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10 April 2015 - Video of Walter Scott shooting released

Publié par Clifford Armion le 04/10/2015

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Dash cam video shows officer pursuing man before shooting
Staff (The Chicago Tribune)
The traffic stop starts like any other: an officer pulls over a motorist, walks up to the driver's side window and asks for license and registration. What happened minutes later appears to take place without any obvious sign of provocation or conflict: The driver opens the door and runs, and the officer chases after him.
Video released Thursday from the dashboard of white North Charleston police Officer Michael Thomas Slager's cruiser captures the very first moments he and black motorist Walter Scott meet, a strikingly benign encounter at its earliest stages. It changes within minutes as Scott takes off running and the officer runs after him.
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Dashboard camera footage released from South Carolina shooting shows traffic stop but not the actual gunshots
Mark Berman (The Washington Post)
Slager is seen in the new video standing at the driver’s side window of a Mercedes-Benz for a little more than a minute. The officer explains that he pulled over the car because one of its brake lights was out. Scott then says that he has not formally bought the car yet, but adds that he is going to be buying it Monday.
A short time after the two men finish talking and Slager walks away from the car, Scott is seen opening his door and standing up before Slager orders him to stay in the car. Scott gets back inside and sits down, but about 20 seconds later, he opens the door and runs away from both vehicles.
Slager is heard on the radio calling in a description of Scott. Seconds later, Slager is heard yelling out: “Taser, Taser, Taser!” While the audio is hard to fully discern, due to the music playing inside Slager’s car and the rustling sounds heard from Slager, what sound like gunshots ring out seconds later.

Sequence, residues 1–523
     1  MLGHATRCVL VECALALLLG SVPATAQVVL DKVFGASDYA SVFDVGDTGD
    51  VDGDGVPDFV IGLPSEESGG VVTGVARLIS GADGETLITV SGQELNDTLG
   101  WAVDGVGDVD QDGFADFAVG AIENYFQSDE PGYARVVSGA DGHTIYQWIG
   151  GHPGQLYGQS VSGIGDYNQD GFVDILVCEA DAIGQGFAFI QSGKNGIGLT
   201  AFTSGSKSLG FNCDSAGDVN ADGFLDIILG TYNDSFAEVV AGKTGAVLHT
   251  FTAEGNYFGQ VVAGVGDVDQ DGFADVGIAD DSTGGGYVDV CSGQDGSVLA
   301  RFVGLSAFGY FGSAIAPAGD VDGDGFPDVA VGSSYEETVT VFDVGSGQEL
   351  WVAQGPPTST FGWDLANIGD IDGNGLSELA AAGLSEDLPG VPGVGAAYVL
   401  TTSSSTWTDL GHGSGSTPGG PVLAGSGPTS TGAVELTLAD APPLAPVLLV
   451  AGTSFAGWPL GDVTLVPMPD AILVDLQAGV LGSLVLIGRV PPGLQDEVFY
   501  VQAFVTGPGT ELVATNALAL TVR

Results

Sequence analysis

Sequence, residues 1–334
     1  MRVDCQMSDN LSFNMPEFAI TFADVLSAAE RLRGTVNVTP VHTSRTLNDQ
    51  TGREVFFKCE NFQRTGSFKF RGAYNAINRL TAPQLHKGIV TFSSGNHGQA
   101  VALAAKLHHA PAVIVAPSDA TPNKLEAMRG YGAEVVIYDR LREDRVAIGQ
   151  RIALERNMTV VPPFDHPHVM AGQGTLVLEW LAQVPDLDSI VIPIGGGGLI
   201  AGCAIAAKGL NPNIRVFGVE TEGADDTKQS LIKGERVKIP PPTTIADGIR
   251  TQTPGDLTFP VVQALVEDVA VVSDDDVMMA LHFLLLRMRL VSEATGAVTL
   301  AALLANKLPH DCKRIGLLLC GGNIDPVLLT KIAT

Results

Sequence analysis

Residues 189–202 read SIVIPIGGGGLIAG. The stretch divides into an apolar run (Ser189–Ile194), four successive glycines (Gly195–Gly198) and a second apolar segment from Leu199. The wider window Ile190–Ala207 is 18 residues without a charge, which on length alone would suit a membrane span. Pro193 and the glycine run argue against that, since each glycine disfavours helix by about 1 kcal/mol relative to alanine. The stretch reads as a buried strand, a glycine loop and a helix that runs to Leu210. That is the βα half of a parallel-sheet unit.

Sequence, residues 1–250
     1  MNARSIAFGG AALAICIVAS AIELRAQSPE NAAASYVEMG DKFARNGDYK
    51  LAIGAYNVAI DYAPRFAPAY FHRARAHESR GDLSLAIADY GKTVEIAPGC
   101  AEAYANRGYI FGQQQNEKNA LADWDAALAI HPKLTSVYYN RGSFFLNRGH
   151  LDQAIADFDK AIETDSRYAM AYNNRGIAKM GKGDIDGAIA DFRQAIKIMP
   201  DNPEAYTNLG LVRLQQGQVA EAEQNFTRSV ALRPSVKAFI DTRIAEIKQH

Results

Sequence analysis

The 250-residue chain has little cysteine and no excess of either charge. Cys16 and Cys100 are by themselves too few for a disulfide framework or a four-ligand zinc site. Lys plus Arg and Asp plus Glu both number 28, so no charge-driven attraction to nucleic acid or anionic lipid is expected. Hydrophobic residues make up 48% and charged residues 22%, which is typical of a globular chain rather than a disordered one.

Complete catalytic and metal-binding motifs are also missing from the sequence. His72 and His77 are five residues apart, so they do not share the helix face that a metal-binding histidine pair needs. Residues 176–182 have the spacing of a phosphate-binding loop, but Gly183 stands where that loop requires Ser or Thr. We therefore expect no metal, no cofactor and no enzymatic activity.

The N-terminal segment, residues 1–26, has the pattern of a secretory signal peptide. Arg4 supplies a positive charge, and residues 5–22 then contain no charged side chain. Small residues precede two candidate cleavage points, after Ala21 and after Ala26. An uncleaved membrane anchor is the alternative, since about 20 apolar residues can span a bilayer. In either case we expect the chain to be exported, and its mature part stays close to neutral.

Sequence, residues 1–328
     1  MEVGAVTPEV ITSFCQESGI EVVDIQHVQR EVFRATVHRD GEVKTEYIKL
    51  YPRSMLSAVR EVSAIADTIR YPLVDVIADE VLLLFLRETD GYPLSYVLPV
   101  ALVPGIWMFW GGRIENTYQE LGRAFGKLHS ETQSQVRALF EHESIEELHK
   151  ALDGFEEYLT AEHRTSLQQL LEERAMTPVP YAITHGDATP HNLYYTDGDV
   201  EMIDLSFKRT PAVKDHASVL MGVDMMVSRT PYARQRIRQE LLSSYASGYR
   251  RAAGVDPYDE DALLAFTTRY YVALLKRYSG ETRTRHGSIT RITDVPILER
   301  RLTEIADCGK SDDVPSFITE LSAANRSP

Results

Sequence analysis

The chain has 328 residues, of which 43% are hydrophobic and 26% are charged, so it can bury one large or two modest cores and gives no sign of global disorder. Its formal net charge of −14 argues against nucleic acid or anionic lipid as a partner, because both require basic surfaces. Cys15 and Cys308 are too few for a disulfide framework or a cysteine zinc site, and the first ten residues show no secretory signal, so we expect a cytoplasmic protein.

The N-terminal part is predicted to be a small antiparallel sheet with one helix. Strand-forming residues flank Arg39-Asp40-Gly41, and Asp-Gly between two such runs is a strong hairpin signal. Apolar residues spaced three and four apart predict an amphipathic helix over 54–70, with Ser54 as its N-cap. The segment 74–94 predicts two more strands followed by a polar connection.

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Walter Scott's shooting wasn't just a coincidence. America was built on racism
Rebecca Carroll (The Guardian)
Walter Scott’s death – and Trayvon’s, Michael’s, Tamir’s and Eric’s, all of whom became so familiar to us in death that we refer to them by first name only – is the end of the promise of America. It’s the decay of whatever moral infrastructure we have left as a nation; it’s confirmation of the ugly truth that a nation, conceived in slavery and once dedicated to the proposition that not all men are created equal, will allow that divide to long endure.
So many white people, satisfied that they are on the right side of justice in the face of law enforcement, this week watched video footage of an unarmed black man getting shot in the back while fleeing from a white police officer and thought merely, “Well, that’s terrible”. “That’s terrible” is not enough. It has never been enough, but as the number of black men murdered by police escalates to numbers beyond reprehensible, beyond coincidental, watching another supposed citizen of this free country shot down with no regard for his humanity ought to elicit more than audible regret.
Yes, it is terrible. Of course it’s terrible. But that is the least of what it is.
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Walter Scott and South Carolina History
Jack Hitt (The New Yorker)
The latest shooting of an unarmed black man by a white police officer comes this time from North Charleston, South Carolina. On average, the story of a white officer shooting a black man emerges about twice a week (according to USA Today, some ninety-six African-Americans were fatally shot by police every year from 2006 to 2012). There is a kind of familiar panic that kicks in when one of these shootings occurs, as we all scramble to fill in the particulars of this now well-known story. We struggle to gauge just how horrible it is. In this most recent case, the details are chilling.
On Saturday, a fifty-year-old black man named Walter Scott was stopped for a minor traffic infraction (a broken taillight). When he fled on foot, a police officer named Michael Slager nevertheless opened fire. The policeman fired eight bullets; four hit Scott in the back, one hit his ear. Scott was handcuffed facedown in the dirt where he died.
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"10 April 2015 - Video of Walter Scott shooting released", La Clé des Langues [en ligne], Lyon, ENS de LYON/DGESCO (ISSN 2107-7029), octobre 2015. Consulté le 25/06/2024. URL: https://cle.ens-lyon.fr/anglais/key-story/archives-revue-de-presse-2015/10-april-2015-video-of-walter-scott-shooting-released